Australia’s energy market operator says it will lift its suspension of the country’s main wholesale electricity market as its power crisis eases.
The restrictions will be temporarily lifted on Thursday before a final decision is made.
In an unprecedented move last week it suspended trading on the platform following a surge in prices.
Officials also urged people in the state of New South Wales to conserve power over concerns about shortages.
The state – which has a population of around 8 million – includes the country’s biggest city Sydney.
In a statement on Wednesday, the Australian Energy Market Operator (Aemo) said it had “seen a clear improvement in market conditions” and that it would resume trading from 04:00 in Sydney on Thursday (19:00 BST Wednesday).
It added that it would monitor the market for at least 24 hours before making a decision to formally lift the suspension.
“We have seen nearly 4,000 megawatts of generation return to service since this time last week, and that means the risk of any shortfall has reduced markedly,” Aemo chief executive Daniel Westerman said in a televised media conference.
Australia is one of the world’s biggest exporters of coal and liquefied natural gas but it has been struggling with a power crisis since last month.
Three quarters of its electricity is still generated using coal, and it has long been accused of not doing enough to cut its emissions by investing in renewables.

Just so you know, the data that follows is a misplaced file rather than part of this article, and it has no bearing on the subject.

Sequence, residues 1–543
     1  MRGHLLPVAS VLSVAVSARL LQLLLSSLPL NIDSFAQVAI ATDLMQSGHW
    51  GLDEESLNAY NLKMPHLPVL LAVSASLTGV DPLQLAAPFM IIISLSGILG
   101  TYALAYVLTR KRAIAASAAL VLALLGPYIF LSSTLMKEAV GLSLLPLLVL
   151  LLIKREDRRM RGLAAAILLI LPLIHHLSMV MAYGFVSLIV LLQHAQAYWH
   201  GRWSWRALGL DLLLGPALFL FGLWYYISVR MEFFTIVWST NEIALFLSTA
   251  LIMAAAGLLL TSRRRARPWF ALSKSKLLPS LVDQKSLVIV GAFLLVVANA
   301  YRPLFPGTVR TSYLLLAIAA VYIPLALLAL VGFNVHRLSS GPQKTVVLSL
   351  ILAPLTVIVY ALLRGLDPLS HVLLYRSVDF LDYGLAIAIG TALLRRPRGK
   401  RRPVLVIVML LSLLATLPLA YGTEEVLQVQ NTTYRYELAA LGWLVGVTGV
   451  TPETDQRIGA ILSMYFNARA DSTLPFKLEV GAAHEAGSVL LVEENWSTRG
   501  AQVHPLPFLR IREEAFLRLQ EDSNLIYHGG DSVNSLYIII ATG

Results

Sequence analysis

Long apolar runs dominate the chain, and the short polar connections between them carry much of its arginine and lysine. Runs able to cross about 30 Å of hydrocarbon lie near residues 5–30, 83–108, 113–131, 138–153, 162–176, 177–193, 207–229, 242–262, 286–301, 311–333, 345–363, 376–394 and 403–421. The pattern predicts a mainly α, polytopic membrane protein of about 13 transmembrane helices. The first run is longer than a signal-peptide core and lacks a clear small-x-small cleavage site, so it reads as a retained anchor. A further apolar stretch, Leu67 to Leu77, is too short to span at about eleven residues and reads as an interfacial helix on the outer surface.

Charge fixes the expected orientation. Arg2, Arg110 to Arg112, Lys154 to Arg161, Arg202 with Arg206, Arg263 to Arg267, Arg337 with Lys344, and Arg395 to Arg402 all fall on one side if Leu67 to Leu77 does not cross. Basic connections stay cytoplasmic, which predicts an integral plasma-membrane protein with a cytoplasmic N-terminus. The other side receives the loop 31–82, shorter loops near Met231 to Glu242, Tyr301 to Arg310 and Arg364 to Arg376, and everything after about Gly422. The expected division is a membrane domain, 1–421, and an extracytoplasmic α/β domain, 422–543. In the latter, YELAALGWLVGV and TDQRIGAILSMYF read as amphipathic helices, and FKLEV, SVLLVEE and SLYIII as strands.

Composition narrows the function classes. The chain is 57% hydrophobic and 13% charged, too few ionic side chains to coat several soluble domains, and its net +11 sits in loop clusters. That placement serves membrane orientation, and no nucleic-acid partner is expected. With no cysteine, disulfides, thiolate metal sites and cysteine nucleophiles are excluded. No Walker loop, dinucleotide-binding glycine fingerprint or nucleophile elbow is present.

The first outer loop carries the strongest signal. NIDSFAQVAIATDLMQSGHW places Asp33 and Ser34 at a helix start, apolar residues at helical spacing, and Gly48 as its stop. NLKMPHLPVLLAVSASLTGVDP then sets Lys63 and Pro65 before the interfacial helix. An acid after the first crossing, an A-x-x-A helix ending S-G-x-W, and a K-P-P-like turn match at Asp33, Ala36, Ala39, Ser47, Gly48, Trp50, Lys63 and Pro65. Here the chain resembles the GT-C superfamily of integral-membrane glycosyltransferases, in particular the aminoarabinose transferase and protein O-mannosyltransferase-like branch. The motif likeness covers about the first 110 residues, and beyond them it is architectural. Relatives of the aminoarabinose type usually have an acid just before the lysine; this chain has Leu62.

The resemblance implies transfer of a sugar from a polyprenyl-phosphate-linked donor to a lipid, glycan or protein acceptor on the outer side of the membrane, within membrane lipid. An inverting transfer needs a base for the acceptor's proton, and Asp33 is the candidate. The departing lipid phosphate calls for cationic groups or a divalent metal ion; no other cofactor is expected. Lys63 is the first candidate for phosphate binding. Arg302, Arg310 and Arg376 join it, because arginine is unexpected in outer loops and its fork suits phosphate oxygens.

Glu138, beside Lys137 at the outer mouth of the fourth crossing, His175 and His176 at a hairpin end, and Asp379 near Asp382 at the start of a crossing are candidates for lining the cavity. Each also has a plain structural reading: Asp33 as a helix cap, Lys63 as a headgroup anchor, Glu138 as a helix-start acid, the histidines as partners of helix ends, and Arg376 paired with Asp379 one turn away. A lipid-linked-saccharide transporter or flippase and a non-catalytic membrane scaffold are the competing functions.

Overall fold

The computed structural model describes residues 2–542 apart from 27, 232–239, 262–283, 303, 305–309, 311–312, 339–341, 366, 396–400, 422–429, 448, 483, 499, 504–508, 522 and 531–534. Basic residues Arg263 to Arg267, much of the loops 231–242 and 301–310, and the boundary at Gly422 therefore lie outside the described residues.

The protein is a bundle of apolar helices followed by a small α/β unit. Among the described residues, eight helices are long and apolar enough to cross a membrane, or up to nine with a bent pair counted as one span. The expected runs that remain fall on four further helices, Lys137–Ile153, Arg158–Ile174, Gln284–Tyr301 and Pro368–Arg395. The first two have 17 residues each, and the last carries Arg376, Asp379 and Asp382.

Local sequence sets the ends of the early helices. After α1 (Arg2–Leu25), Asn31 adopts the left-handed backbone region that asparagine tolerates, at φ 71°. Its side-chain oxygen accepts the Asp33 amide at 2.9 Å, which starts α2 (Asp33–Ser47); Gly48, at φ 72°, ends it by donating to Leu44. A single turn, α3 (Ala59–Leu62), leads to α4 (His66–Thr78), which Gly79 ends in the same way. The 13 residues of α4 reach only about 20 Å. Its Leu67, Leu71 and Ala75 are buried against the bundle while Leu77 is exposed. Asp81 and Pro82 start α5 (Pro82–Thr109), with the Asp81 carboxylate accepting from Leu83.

In recent weeks, the country has felt the impact of disruptions to coal supplies, outages at several coal-fired power plants and soaring global energy prices.
Meanwhile, the demand for energy has jumped amid a cold snap and as Australia’s economy opens up after Covid-19 restrictions were eased.
All of this helped drive up electricity prices on the wholesale market to above the A$300 (£170; $208) per megawatt hour price cap set by Aemo.
However, that cap was below the cost of production for several generators, who decided to withhold capacity.
Last Wednesday, Aemo took the unprecedented step of suspending the market and said it would set prices directly and compensate generators for the shortfall.
It also asked consumers in New South Wales to “temporarily reduce their energy usage”.
At the time Mr Westerman said Aemo had “put the security of the grid, and keeping the lights on above everything else”.
“We asked generators to bid their plant back into the system – and that is happening more – giving us greater visibility of generation in real time,” he added.